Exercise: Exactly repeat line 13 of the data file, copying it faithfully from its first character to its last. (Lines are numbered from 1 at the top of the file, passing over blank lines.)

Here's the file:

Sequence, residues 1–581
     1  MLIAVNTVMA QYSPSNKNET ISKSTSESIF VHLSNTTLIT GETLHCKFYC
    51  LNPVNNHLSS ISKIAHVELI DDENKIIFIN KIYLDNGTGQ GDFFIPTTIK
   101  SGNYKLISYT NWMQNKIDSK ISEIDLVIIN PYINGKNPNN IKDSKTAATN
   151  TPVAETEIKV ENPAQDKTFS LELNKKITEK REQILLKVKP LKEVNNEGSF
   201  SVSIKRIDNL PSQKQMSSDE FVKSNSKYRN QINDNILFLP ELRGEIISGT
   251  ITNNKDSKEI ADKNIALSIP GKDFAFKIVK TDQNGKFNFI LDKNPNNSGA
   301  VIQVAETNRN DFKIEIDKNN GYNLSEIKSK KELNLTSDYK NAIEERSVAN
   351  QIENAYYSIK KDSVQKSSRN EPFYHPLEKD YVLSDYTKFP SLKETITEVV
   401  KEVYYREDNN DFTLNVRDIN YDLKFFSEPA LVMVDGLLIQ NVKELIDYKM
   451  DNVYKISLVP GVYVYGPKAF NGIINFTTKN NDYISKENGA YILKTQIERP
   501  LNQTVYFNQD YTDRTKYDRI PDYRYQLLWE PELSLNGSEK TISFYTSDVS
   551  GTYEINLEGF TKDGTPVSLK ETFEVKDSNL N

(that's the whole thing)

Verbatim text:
   551  GTYEINLEGF TKDGTPVSLK ETFEVKDSNL N